Lawsuits Allege Johnson's Baby Powder Might Contain Asbestos
Litigators for plaintiffs with ovarian cancer claim there may be asbestos, a known carcinogenic in bottles of Johnson's Baby Powder
Wednesday, October 11, 2017 - Litigators representing women suffering from ovarian cancer and the loved ones of those who have died from the disease are suing Johnson & Johnson claiming that there may be a link between their long-term use of the talc-based baby powder for feminine hygiene and ovarian cancer. The claims are based on studies dating back to 1971 when researchers found particles of talc embedded in ovarian cancer tumors and subsequently determined that the particles must have traveled up the fallopian tubes and lodged in the ovaries causing irritations that lead to cancer. According to www.npr.org, Dr. Daniel Cramer, a professor of obstetrics and gynecology at Brigham and Women's Hospital in Boston says that "women have about a 33% greater chance of developing ovarian cancer by using talc in their hygiene." A 2014 study of over 18,000 women by The Journal of Cancer Prevention Research concluded that "women using genital powder have a 20-30% increased risk of developing epithelial ovarian cancer."
Women suffering from ovarian cancer today may have been heavily exposed to asbestos contaminated talc daily for decades before the health risks of asbestos were recognized. Dr. Cramer's studies found asbestos in talc products and he wrote to Johnson & Johnson detailing his findings and recommending that the company put an asbestos warning label on its talc products such as Johnson's Baby Powder with talc. Talc products mined and imported from Korea, Pakistan, and China were found as late as 2010 to have been contained with asbestos. An FDA study into the matter came back inconclusive as many overseas talc mines refused to provide the agency with samples to be tested. Asbestos contamination as great as 20% was revealed in a 2015 court case against Colgate-Polmolive and plaintiffs were awarded $13 million for mesothelioma, not ovarian cancer. Nonetheless, the findings of asbestos, a known carcinogenic, in talc imported from souces believed to be safe in Korea, Pakistan, and China raises concern for all products that contain talc.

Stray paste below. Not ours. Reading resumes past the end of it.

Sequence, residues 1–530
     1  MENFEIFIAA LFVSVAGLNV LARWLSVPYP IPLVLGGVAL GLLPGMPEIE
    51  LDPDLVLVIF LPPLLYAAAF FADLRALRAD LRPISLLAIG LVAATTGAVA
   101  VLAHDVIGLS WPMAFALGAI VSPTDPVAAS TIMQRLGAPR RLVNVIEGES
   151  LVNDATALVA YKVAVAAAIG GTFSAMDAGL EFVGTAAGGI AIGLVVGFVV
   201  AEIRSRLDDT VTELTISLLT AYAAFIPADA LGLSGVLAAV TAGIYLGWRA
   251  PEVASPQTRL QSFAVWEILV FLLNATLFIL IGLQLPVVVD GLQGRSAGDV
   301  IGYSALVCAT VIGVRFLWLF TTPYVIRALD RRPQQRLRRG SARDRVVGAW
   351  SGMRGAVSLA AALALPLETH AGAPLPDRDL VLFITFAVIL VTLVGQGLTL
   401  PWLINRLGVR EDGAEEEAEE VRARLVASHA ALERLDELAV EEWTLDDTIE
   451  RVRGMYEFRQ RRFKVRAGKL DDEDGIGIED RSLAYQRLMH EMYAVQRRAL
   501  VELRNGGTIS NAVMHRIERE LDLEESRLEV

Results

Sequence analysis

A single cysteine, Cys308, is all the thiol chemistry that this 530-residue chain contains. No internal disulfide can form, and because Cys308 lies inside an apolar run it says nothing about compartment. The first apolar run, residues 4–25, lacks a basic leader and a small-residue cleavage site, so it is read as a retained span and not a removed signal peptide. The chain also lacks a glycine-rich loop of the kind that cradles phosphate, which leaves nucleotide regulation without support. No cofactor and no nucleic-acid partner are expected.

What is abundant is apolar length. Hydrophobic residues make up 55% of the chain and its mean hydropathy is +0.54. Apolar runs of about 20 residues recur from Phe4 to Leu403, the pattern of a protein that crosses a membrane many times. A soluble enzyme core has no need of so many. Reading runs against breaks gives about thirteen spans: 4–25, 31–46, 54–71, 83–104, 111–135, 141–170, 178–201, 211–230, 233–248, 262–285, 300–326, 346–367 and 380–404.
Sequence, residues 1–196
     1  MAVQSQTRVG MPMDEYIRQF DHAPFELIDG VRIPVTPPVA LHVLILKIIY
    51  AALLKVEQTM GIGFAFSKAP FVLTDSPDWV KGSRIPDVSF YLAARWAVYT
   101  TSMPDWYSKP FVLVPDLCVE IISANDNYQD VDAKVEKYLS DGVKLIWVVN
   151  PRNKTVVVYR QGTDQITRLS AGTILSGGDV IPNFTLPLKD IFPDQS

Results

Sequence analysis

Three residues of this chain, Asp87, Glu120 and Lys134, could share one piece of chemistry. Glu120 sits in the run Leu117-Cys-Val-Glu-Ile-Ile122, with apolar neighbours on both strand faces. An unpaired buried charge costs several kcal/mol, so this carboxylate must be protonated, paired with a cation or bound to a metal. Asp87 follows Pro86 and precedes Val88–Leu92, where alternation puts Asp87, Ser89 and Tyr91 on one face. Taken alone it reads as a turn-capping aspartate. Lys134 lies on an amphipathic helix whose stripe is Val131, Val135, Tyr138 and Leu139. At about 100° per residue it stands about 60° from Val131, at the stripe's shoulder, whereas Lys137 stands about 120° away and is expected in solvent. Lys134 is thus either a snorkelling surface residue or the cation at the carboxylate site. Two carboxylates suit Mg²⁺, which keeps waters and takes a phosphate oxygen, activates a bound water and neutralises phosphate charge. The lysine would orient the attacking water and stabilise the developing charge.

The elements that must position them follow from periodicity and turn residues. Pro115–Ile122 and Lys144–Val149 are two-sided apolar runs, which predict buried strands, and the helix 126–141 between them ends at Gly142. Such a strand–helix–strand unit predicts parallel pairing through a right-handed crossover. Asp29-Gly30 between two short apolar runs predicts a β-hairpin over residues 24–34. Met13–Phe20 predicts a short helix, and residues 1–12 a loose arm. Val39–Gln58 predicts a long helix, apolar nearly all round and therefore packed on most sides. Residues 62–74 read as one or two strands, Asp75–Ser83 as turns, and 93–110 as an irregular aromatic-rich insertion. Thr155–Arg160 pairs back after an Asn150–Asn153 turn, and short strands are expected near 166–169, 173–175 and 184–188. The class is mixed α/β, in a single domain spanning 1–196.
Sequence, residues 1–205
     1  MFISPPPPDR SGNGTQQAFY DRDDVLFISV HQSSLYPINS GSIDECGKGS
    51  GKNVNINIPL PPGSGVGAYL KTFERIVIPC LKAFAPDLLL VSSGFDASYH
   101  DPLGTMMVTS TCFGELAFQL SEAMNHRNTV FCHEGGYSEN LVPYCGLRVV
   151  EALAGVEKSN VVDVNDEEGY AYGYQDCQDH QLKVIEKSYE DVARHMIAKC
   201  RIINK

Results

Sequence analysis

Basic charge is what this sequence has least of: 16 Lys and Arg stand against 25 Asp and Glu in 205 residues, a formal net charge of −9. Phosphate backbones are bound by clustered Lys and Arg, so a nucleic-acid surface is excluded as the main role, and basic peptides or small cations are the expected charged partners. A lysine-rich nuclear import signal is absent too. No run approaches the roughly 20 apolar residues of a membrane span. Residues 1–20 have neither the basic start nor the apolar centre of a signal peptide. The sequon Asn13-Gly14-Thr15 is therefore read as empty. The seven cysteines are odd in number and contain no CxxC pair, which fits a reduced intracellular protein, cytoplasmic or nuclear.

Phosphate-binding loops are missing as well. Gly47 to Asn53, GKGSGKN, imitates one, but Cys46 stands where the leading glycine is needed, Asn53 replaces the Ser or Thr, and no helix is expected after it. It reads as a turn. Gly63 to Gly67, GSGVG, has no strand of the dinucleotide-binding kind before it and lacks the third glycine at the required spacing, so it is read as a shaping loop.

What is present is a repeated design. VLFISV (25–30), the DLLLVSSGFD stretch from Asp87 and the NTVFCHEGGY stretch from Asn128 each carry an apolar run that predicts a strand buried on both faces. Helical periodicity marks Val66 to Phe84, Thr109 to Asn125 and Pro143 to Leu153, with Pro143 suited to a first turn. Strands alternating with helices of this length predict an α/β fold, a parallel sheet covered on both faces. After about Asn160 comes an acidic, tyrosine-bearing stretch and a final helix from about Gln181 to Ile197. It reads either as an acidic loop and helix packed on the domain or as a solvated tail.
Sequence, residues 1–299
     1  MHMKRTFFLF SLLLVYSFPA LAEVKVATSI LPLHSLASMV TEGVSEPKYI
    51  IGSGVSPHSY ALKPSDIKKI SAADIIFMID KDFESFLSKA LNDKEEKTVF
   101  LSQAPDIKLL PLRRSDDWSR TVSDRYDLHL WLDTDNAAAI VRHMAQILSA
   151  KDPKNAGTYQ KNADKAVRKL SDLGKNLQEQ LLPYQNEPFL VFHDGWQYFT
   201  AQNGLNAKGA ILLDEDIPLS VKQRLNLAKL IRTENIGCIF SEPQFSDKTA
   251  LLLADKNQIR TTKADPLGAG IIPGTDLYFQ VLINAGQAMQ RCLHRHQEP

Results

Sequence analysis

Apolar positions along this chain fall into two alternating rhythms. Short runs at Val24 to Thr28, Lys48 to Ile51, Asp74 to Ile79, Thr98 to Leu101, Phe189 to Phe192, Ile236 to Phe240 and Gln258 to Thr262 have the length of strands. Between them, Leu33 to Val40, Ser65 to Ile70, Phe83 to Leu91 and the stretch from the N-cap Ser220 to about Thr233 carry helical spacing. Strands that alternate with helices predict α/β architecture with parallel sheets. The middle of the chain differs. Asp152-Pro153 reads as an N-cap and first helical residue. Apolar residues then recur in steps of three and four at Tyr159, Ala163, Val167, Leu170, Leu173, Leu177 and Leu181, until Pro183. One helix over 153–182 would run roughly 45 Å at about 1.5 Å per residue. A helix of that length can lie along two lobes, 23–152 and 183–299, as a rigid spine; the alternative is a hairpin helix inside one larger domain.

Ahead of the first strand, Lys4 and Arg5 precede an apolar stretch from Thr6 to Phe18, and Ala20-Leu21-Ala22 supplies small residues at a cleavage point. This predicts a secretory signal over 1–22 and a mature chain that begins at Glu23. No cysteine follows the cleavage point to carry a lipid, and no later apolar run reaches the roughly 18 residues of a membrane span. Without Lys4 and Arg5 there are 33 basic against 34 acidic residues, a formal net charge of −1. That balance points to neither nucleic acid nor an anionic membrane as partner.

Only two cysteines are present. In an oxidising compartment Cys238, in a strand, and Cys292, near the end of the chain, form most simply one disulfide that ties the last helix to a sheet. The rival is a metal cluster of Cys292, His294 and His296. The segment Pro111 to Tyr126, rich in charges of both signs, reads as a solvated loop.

Talc is a mineral that is organically mined adjacent to asbestos mines. The Johnson & Johnson talc supplies come primarily from Chinese, Pakistani, and Korean talc mines. Given what is known about asbestos causing cancer, it is not a far stretch that talc supplies could have been cross-contaminated. Today's talc is strictly tested and monitored and certified to be asbestos-free, however, such was not the case before the asbestos-cancer link came to public light. Johnson & Johnson spokesperson spokeswoman Carol Goodrich said the FDA "requires specific testing to ensure that cosmetic talcum powder is free of asbestos." Goodrich went on to say in the interview with www.fiercepharma.com, "Since 1946 we (Johnson & Johnson) have required our suppliers to provide the purest quality talc and since 1977 specified that the talc has to be asbestos free. Those standards evolved into multi-dimensional monitoring of the talc we use, which we continue to maintain today. Historical testing of samples by the FDA, numerous independent laboratories, and numerous independent scientists have all confirmed the absence of asbestos in our talc products." Unsealed documents show that executives at Johnson & Johnson have known for decades that its talc products include asbestos fibers and that the exposure to those fibers can cause ovarian cancer. The talc used by J&J to make its products "is not now, nor has it ever been, free from asbestos and asbestiform fibers," according to the lawsuit filed on behalf of more than 50 women in St. Louis.